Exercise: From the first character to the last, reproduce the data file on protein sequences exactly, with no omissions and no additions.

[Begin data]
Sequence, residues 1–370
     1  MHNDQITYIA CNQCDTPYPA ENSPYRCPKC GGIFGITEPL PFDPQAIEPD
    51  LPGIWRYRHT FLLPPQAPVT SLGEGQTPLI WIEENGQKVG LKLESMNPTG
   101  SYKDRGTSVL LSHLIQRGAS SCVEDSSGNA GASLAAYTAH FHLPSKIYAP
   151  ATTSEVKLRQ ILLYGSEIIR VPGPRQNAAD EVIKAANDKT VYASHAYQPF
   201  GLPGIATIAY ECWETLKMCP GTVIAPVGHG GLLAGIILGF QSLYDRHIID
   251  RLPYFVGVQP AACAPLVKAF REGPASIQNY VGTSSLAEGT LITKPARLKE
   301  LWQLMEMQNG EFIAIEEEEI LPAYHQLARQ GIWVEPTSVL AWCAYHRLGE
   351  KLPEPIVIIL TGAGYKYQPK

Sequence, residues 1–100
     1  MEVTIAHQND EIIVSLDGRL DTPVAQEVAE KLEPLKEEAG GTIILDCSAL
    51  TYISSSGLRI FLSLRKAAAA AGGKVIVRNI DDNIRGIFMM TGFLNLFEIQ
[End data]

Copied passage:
Sequence, residues 1–370
     1  MHNDQITYIA CNQCDTPYPA ENSPYRCPKC GGIFGITEPL PFDPQAIEPD
    51  LPGIWRYRHT FLLPPQAPVT SLGEGQTPLI WIEENGQKVG LKLESMNPTG
   101  SYKDRGTSVL LSHLIQRGAS SCVEDSSGNA GASLAAYTAH FHLPSKIYAP
   151  ATTSEVKLRQ ILLYGSEIIR VPGPRQNAAD EVIKAANDKT VYASHAYQPF
   201  GLPGIATIAY ECWETLKMCP GTVIAPVGHG GLLAGIILGF QSLYDRHIID
   251  RLPYFVGVQP AACAPLVKAF REGPASIQNY VGTSSLAEGT LITKPARLKE
   301  LWQLMEMQNG EFIAIEEEEI LPAYHQLARQ GIWVEPTSVL AWCAYHRLGE
   351  KLPEPIVIIL TGAGYKYQPK

Sequence, residues 1–100
     1  MEVTIAHQND EIIVSLDGRL DTPVAQEVAE KLEPLKEEAG GTIILDCSAL
    51  TYISSSGLRI FLSLRKAAAA AGGKVIVRNI DDNIRGIFMM TGFLNLFEIQ